As the U.K.'s mobile operators tussle over rules for the upcoming 4G spectrum auction, they are not the only operators that want a share of those frequencies. Cable operator Virgin Media is interested in using some of the 2.6GHz spectrum to deploy indoor femtocells, according to a report in The Observer and confirmed by a company spokesman to Light Reading. U.K. regulator Ofcom has proposed that a portion of the 2.6GHz spectrum be designated for short-range, low-power use, such as indoor femtocells, and this is what Virgin has an interest in. In an emailed statement to Light Reading, a spokesman said: "These frequencies could be shared by companies beyond just the mobile network operators such that consumers will benefit most from greater innovation and a better quality wireless internet experience." Plans for the 4G auction in the U.K., however, have yet to be finalized. (See Euronews: Ofcom Slams Obstructive UK Operators and Euronews: Concern Over UK LTE Auction Plan .)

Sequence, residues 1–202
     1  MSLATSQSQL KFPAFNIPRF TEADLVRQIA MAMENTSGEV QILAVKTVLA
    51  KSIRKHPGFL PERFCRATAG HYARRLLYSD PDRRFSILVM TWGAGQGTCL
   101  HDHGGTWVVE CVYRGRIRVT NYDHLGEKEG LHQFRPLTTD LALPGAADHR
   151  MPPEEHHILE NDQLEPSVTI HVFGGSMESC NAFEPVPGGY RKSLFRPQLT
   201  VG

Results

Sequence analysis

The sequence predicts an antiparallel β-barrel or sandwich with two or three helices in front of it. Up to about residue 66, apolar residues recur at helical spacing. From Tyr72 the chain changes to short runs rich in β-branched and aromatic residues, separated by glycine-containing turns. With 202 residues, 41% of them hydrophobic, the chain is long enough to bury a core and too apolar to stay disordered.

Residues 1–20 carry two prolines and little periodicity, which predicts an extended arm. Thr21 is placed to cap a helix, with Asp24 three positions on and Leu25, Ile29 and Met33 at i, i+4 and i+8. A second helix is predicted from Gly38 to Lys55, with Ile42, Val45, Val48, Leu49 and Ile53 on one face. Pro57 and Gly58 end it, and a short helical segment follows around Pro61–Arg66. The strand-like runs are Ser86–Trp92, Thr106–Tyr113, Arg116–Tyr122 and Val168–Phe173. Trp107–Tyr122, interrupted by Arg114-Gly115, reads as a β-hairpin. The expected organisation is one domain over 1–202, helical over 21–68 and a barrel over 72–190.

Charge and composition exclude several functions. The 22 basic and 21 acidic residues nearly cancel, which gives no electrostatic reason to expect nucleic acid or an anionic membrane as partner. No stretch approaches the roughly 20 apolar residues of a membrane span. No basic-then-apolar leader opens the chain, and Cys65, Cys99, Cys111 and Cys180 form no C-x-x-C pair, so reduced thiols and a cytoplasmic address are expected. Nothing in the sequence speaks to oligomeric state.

As the pattern of protest followed by violent clampdown continues in Syria, the BBC reports that import and use of Apple's iPhone has been banned in the country, according to a document posted on a Lebanese news website.
Vip, the Serbian mobile operator, is getting its eco-credentials in order by taking part in a trial of a base station provided by Nokia Siemens Networks that has no connection to the main electricity grid and is instead powered by solar and wind energy. NSN's base station uses solar panels, wind turbines and deep-cycling batteries, with diesel generators for backup. (See VIP Mobile Tests NSN's Green Base Stations.)
Two of the major lenders to eir , the beleaguered Irish incumbent, have put forward debt restructuring proposals, reports Reuters. The world still awaits proposals from eircom's owners, Singapore Technologies Telemedia (STT) and trade union ESOT. (See Lenders to Lean on Eircom.)